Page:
Members of the family continued to get involved in dubious financial transactions, Litigation followed litigation and slowly the Patricksons lost ground. In the late 17th' century the last Patrickson, Thomas, was forced to sell Carswell How.





Christened Guido, Fawkes was born a protestant in York. Following his widowed mother's marriage to a man of Catholic background and sympathies, he converted to Roman Catholicism. Having enlisted in the Spanish Army in 1593, Fawkes played a part in the 1596 capture of Calais in the war against Henry IV. Professional explosives skills gained in the wars prompted his recruitment by Robert Catesby, originator and leader of the 'Gunpowder Plot', and Thomas Winter, to act as a subordinate in the fight against harsh anti-Catholic laws.


The Shambles, York At Night

On November 4th 1605 the basement of the House of Lords was searched by order of the Privy Council acting upon an anonymous tip-off. John Johnson, the man standing guard over the 'fuel stocks' was found, arrested and removed to The Tower. Over thirty barrels of explosives were discovered. Johnson confessed all on the rack and Guy Fawkes was hanged, with his accomplices, in 1606. Fawkes' name passed into folklore, together with the 'Gunpowder Plot', still celebrated on the fifth of November each year!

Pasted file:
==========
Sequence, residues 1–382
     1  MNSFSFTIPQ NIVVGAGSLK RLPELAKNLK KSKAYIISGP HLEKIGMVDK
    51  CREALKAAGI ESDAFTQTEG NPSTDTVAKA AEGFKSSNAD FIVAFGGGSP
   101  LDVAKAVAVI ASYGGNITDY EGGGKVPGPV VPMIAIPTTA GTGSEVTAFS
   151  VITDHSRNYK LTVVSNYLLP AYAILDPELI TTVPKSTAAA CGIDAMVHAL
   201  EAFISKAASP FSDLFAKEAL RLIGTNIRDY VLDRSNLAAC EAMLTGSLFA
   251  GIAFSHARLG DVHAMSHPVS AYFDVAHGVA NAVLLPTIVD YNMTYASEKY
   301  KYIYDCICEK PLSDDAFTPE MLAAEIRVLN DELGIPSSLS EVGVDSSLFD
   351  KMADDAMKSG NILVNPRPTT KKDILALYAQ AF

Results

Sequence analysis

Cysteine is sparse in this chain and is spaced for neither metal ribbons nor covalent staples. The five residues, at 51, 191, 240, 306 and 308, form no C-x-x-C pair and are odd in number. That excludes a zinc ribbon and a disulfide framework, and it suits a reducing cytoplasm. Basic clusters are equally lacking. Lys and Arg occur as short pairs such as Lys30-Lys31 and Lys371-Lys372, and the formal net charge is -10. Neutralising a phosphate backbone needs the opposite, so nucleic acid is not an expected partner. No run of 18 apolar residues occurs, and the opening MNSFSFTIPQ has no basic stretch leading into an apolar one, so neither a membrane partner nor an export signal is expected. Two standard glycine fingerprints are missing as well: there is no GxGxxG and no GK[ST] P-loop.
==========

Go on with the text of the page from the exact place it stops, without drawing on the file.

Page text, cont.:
Fletcher Christian was born on 25th September 1764 at the farmstead of Moorland Close near to the market town of Cockermouth. After the death of his father and with his mother on the edge of bankruptcy, Christian, aged sixteen, went to seek adventure. He ran away to sea with the ship 'Cambridge' on which Bligh was 6th Lieutenant. Christian also took two trips with Bligh to Jamaica on the Britannia'.

In 1787 Captain Bligh had command of 'HMS Bounty' with instructions to take breadfruit trees from Tahiti to Jamaica. En route to Jamaica the crew of the Bounty mutinied under the leadership of Fletcher Christian, allegedly because of Bligh's quick temper and imperious manner. Bligh and eighteen loyal crewmen were cast adrift in the Pacific.


Vale Of Lorton,Cockermouth


The mutineers journeyed to Tahiti where they collected their Tahitian friends and sailed to Pitcairn Island. Christian made his home there with his Tahitian 'wife' Maimiti, her English name being Isabella after his cousin Isabella Curwen. Fletcher Christian died there on 3rd October 1793.

According to Bligh, Christian was five feet nine inches tall, with a very dark brown complexion, dark brown hair strong made, bowlegged, of nervous disposition, and subject to violent sweating. He had a star tattooed on his left breast. Christian had been described as having a pleasing countenance and was a commanding figure. Even his detractors admit that he had a like able personality. He was not a man who craved company, a loner who could have been a successful island entrepreneur. As it was, fate was not his ally. A school mate described him as mild, generous, open, humane, sincere and of spirit.



Thieves Rogues And Vagabonds